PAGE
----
Frequently Asked Questions - General
CORU is the organisation responsible for regulating health and social care professionals. It includes the Health and Social Care Professionals Council and the Registration Boards established under the Health and Social Care Professionals Act.
CORU's role is to protect the public through regulating the health and social care professions listed in the Health and Social Care Professionals Act 2005(as amended).
To regulate the professions, CORU will:
- Set the standards that health and social care professionals must meet
- Ensure that the relevant educational bodies deliver qualifications that prepare professionals to provide safe and appropriate care
- Maintain and publish a Register of health and social care professionals who meet our standards
- Ensure that registered professionals keep their skills up to date by promoting continuing professional development
- Run Fitness to Practise hearings into the conduct and competence of a Registrant
CORU Is made up of the Health and Social Care Professionals Council and 12 Registration Boards, one for each profession named in our Act.
The professions to be regulated are:
- Clinical Biochemists
- Medical Scientists
- Social Care Workers
CORU currently has registers open for the following professions:
- Occupational Therapists
- Optometrists and Dispensing Opticians
- Radiographers and Radiation Therapists
- Social Workers
- Speech and Language Therapists
Registers for the other professions will follow, on a phased basis, between 2015 and 2017.
The name CORU originates from an Irish word, ‘cóir’ meaning fair, just and proper. These are values that resonate deeply within our organisation, and perfectly reflect our commitment to protecting the public by regulating health and social care professionals. CORU is not an acronym.
The way to pronounce CORU is by placing the emphasis on the ‘u’ at the end of the word. It sounds similar to Brian Boru, construe, pursue and undo.
The Health and Social Care Professionals Council at CORU has 25 voluntary members who have been appointed by the Minister for Health. It has a lay majority with one member representing each of the 12 registered professions, and 13 other members who do not come from the registered professions.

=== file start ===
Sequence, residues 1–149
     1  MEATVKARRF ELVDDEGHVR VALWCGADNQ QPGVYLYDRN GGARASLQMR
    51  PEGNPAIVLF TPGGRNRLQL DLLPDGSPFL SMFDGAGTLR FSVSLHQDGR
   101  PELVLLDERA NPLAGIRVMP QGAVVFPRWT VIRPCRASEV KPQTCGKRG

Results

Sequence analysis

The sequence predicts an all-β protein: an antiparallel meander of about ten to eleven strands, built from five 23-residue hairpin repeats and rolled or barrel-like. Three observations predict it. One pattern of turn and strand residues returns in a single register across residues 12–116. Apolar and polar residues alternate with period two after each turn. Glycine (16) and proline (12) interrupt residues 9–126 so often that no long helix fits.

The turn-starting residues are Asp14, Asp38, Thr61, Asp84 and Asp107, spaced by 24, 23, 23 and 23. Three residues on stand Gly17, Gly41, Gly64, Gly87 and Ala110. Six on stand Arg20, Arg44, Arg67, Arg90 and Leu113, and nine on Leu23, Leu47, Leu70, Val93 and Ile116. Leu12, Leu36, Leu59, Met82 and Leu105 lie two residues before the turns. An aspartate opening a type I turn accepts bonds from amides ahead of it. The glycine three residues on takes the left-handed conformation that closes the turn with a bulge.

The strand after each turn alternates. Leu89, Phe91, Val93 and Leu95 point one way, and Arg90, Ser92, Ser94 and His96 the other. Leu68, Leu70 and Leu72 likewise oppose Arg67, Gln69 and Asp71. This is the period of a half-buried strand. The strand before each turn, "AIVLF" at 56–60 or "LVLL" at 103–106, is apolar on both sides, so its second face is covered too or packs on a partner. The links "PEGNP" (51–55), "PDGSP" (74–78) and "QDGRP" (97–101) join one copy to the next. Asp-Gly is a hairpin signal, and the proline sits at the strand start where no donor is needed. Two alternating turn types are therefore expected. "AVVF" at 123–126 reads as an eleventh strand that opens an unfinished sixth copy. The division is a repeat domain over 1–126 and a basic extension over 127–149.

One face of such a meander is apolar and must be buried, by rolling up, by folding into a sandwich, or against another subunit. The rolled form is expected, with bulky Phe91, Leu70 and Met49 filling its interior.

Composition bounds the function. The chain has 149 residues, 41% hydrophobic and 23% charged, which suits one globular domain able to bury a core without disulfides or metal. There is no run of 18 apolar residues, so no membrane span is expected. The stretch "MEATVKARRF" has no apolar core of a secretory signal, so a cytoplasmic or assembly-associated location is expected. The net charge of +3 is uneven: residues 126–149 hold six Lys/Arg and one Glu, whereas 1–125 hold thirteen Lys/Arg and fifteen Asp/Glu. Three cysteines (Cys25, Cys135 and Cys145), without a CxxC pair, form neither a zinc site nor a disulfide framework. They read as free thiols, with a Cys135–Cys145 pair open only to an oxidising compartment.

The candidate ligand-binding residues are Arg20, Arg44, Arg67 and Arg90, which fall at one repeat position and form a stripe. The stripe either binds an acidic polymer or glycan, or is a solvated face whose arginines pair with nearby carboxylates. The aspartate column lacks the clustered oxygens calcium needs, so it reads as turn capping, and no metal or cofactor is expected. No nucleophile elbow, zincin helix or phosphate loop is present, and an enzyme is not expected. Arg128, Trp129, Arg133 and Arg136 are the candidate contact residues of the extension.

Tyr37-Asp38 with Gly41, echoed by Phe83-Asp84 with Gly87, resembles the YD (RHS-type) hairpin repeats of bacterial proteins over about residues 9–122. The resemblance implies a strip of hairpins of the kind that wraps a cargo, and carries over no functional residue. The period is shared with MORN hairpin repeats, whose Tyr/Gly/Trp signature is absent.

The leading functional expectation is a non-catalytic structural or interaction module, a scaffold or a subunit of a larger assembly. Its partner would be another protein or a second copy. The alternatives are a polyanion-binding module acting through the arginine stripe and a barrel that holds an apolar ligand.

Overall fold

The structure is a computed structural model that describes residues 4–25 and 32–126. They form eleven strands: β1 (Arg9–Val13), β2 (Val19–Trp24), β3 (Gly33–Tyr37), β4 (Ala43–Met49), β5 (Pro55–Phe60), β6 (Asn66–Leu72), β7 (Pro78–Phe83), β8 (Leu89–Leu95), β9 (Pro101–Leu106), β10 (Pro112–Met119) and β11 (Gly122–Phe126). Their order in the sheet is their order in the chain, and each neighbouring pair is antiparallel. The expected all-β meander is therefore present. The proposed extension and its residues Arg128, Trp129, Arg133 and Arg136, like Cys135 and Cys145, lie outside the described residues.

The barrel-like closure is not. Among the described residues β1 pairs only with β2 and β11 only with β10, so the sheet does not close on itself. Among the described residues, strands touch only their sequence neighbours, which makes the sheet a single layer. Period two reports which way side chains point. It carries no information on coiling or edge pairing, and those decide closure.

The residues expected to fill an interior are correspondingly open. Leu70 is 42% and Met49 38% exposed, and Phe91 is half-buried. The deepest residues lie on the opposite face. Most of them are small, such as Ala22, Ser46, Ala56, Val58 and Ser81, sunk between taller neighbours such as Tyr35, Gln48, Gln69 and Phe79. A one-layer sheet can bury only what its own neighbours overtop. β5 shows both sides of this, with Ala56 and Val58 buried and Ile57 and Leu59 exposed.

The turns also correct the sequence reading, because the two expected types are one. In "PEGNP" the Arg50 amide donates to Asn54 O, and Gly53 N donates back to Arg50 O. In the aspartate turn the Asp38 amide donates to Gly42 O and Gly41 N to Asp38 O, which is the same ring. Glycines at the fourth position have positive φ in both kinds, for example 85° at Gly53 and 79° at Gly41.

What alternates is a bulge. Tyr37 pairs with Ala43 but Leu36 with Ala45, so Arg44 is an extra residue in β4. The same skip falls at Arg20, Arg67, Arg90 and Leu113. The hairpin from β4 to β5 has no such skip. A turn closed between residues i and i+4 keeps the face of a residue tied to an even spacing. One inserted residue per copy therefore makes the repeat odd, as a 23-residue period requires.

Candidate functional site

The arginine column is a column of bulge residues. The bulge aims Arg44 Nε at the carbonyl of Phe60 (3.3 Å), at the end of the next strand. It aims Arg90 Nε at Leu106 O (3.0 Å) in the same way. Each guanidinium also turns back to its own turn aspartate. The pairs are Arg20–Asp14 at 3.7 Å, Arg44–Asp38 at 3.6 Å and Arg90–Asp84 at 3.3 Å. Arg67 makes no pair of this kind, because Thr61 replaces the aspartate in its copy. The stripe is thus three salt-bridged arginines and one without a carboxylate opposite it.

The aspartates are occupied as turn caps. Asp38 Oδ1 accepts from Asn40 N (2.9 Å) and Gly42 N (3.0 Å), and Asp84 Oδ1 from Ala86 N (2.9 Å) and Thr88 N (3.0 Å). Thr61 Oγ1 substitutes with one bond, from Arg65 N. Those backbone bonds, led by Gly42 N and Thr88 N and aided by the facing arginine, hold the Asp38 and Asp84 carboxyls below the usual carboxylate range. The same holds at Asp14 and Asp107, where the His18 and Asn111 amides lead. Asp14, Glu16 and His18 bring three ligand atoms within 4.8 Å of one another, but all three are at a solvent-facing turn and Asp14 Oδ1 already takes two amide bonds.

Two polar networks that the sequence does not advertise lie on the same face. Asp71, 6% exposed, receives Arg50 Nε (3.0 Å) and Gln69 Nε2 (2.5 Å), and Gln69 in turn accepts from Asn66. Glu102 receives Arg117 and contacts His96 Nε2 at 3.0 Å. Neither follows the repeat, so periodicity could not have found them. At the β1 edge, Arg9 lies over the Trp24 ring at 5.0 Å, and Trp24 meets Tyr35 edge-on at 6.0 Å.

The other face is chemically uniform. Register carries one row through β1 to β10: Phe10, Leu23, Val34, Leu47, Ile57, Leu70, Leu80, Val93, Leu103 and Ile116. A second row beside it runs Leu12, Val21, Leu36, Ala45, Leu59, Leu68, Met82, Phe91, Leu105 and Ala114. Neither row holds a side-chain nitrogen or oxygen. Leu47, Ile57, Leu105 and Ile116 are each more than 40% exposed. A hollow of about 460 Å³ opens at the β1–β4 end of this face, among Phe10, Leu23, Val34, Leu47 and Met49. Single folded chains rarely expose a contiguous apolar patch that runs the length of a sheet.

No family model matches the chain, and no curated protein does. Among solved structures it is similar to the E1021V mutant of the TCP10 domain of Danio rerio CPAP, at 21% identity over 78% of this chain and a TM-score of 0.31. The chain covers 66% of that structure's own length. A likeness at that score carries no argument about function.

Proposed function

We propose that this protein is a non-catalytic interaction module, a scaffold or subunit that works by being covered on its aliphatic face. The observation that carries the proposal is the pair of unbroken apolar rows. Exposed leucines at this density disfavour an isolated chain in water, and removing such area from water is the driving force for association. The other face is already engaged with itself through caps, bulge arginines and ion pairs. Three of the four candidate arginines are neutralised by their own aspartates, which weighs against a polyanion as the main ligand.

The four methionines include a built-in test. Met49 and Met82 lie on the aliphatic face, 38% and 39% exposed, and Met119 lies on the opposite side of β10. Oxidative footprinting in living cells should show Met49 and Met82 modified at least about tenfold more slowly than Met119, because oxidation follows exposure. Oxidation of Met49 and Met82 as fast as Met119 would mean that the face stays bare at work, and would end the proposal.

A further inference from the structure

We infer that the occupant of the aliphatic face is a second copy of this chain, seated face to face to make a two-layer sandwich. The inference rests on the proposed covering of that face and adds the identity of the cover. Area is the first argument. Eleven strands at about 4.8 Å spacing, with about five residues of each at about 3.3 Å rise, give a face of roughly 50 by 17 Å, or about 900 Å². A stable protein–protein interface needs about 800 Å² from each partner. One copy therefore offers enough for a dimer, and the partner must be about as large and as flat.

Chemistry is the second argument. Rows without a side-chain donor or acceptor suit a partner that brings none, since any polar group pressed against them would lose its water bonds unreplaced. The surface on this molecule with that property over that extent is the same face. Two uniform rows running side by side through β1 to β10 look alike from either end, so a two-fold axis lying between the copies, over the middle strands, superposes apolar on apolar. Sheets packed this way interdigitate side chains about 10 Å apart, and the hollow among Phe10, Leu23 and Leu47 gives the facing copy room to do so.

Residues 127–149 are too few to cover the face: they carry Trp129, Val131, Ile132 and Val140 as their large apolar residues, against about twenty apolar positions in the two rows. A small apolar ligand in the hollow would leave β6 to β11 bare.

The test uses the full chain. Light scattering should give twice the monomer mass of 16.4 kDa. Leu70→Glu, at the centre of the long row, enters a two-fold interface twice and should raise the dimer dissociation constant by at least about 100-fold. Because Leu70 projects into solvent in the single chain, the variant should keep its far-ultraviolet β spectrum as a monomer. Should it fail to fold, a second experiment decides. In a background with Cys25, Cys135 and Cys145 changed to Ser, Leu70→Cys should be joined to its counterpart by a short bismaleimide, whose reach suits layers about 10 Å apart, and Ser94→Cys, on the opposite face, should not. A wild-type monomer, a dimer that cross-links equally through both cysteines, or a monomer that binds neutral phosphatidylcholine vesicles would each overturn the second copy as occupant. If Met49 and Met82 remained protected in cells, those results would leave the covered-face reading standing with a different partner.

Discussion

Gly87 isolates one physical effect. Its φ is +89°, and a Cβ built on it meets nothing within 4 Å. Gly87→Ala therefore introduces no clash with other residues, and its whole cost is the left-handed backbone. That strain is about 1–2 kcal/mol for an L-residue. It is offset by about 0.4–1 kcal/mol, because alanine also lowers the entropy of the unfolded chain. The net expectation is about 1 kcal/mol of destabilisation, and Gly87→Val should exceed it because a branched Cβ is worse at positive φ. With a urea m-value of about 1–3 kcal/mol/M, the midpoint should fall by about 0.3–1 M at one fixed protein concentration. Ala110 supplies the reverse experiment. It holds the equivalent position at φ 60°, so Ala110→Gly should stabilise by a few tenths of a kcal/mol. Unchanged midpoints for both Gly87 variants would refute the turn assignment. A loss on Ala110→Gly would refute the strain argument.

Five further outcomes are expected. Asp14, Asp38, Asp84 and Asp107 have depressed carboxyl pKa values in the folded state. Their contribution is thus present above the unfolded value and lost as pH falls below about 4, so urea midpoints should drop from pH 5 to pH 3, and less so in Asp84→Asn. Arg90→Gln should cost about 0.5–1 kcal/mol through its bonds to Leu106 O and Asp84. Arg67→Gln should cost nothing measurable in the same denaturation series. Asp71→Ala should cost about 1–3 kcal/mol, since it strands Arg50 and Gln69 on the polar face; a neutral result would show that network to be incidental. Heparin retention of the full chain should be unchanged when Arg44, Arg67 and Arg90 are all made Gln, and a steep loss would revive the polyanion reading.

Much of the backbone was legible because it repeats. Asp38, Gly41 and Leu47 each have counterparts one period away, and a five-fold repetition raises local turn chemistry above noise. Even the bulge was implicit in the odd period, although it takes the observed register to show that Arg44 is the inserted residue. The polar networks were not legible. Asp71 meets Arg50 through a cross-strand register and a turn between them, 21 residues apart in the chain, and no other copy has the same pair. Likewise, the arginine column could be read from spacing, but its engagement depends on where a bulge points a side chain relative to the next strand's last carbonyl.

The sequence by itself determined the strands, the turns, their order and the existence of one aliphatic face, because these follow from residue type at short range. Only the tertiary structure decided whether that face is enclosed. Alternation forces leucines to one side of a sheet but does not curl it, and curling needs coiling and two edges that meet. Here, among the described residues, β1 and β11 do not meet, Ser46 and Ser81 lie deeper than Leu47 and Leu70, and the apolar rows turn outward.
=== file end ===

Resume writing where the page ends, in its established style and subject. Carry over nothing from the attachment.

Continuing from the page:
The Council's role is to:
- Oversee and coordinate the Registration Boards
- Make rules
- Provide guidelines on bye-laws
- Provide support to Registration Boards
- Encourage collaboration between Registration Boards
- Serve as an appeals body for those refused registration
- Enforce standards of practice through the Fitness to Practise regime
- Handle complaints
- Ensure the protection of titles
- Advise the Minister or other functions assigned by the Minister
The Health and Social Care Professionals Council is a regulatory body established under the Health and Social Care Professionals Act 2005. The object of the Health and Social Care Professionals Council at CORU is to protect the public by promoting high standards of professional conduct and professional education, training and competence among registrants of the designated profession.
A separate Registration Board will be established for each of the 12 professions. The objective of each board is to protect the public by fostering high standards of professional conduct, education, training and competence among those registered.
Each Registration Board will consist of 13 voluntary members with a lay majority as follows: 6 will be elected by registrants of their profession (3 engaged in the practice of that profession, 2 engaged in the management of services provided by it and one in the education and training of it). The remaining 7 will be appointed by the Minister (one from the management of the public health sector, the social care sector or both, one from a voluntary or private sector organisation concerned with health or social care, one involved in the training of that profession and 4 representing the interest of the general public).
Each Registration Board will:
- Establish and maintain the register for that designated profession
- Issue certificates of registration
- Give guidance regarding ethical conduct, practice of the profession and continuous professional development
- Approve education and training programmes
- Monitor the continuing suitability of programmes approved for the education and training of applicants for registration
- Make recommendations to Council regarding sanctions to be imposed on registrants.
No, for the following reasons.
- CORU’s relationship is directly with its registrants/persons and CORU’s legislation requires that registrants renew their registration with CORU.
- The Registration renewal process involves more than payment of a renewal fee and requires that a registrant completes a declaration form. It is incumbent on CORU to ensure that this declaration form is collected and checked prior to completing the registration renewal process.
- An employer cannot make a declaration on behalf of one of its employees.
- If a registrant does not renew his/her registration, CORU will notify the registrant in compliance with its legislation. Any misunderstanding between the registrant and the employer as to the agreed party to pay registration renewal fees could lead to inadvertent removal from the register and imposed fines for continuing to practice under a regulated title without being registered.
- The registration fee receipt is provided to the registrant. This document may be used by the registrant to seek full/partial reimbursement of his/her fees from his/her employer. A registrant may also wish to use the receipt to claim tax credits against mandatory professional fees.
- In future, registration renewal process will commence an audit process for CPD purposes. The renewal process will inform the applicant about CPD requirements and it is vital therefore that the registrant himself/herself undertakes the renewal process.